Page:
.Parse( context.Cache[ String.Format(key, reader["Table"])].ToString() ); if (changeKey != int.Parse( reader["ChangeID"].ToString() )) context.Cache.Remove(tableKey); } } connection.Close(); } #endregion } }

HttpModule and settings are set up in the web.config as follows:

<appSettings>
<add key="Northwind" value="server=(local);database=northwind;uid=sa;pwd=" />
<add key="SqlDependency" value="SqlDatabaseCache-{0}" />
</appSettings>


<httpModules>
<add name="BackgroundService" type="BlackbeltBLL.BackgroundService, BlackbeltBLL" />
</httpModules>

Finally, we have Rob's SqlCacheDependency class:

using System;
using System.Web;
using System.Web.Caching;
using System.Data;
using System.Data.SqlClient;
using System.Configuration;

namespace BlackbeltBLL {  
    public class SqlCacheDependency {
        public static string CreateTableDependency (string table) {
            string dbKey = ConfigurationSettings.AppSettings["SqlDependency"];
            // Format our cache key
            dbKey = String.Format(dbKey, table);
            if ( HttpContext.Current.Cache[dbKey] != null)
                return dbKey;
            // Add table entry into the cache
            if ( HttpContext.Current.Cache[dbKey] == null ) {
                HttpContext.Current.Cache.Insert(dbKey, GetTableKey(table));
            }
            return dbKey;
        }

 public static string CreateTableDependency (string table, string key, object value) {
            string dbKey = CreateTableDependency(table);
            // Create key dependency
            string[] s = new string[] {dbKey};
            CacheDependency d = new CacheDependency(null, s);
            // do the actual insert
            HttpContext.Current.Cache.Insert(key, value, d);
            return dbKey;
        }

        public static int GetTableKey (string table) {
            SqlConnection connection = 
new SqlConnection(ConfigurationSettings.AppSettings["Northwind"]); SqlCommand command =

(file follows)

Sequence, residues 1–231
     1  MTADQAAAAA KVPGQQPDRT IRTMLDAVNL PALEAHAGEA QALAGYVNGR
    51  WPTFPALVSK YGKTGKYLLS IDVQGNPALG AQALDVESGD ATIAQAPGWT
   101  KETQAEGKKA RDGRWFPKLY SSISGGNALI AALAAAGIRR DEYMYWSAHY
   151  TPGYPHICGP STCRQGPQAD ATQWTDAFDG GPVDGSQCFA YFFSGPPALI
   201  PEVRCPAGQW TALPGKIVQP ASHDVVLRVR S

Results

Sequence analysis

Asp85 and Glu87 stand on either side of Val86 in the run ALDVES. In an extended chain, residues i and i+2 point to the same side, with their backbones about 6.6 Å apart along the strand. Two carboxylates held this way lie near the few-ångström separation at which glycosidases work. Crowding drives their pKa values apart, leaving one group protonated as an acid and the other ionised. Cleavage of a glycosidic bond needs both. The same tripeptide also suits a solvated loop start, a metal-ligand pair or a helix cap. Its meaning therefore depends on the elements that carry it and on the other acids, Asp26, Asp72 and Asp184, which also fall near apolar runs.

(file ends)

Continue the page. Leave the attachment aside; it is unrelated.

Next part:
new SqlCommand("SELECT ChangeID FROM ChangeNotification WHERE [Table] = '"
+ table + "'", connection); SqlDataReader reader; int changeID = -1; connection.Open(); reader = command.ExecuteReader(); reader.Read(); changeID = (int) reader["ChangeID"]; connection.Close(); return changeID; } } }

So essentially, when your page is requested and you've made your database request for your data, you add the following code:


// Get Cache Key for db caching
Response.Cache.SetExpires(DateTime.Now.AddMinutes(1));
Response.Cache.SetValidUntilExpires(true);
Response.Cache.SetCacheability(HttpCacheability.Public);
Response.AddCacheItemDependency(SqlCacheDependency.CreateTableDependency("Products"));

You have added a CacheItemDependency of type SqlCacheDependency, and every 5000 milliseconds, your HttpModule's BackgroundServiceClass will call its Poll method, checking to see if the dependency has been invalidated by checking the changeId from the changenotifications table. If it is, it calls context.Cache.Remove(tableKey); and your Cache dutifully resurrects its contents. Sweet!

Oops, did you notice I forgot something? Nothing gets put in changenotification table if Products changes, does it? So I need a trigger. N.B. Reader Doug Nelson (see post below) suggested something much more effective, and so I've updated this here (and included it in the source code download. Also, changed the polling to be a sproc and employed his delete all the rows idea - since your stuff is in cache anyway)

CREATE TRIGGER GEOBUSH ON [dbo].[Products]
FOR INSERT, UPDATE, DELETE
AS
if not exists( select null from changenotification where [table]= 'products' )
begin
insert changenotification ([table]) values('products')
end

This is a relatively simple implementation, but it can be used as the basis for a remarkably powerful scalability enhancement in any web site where data can be changed and it is important to be able to show the most up-to-date contents.

Download the Solution that accompanies this article

 


Peter Bromberg is a C# MVP, MCP, and .NET consultant who has worked in the banking and financial industry for 20 years. He has architected and developed web - based corporate distributed application solutions since 1995, and focuses exclusively on the .NET Platform.
Article Discussion: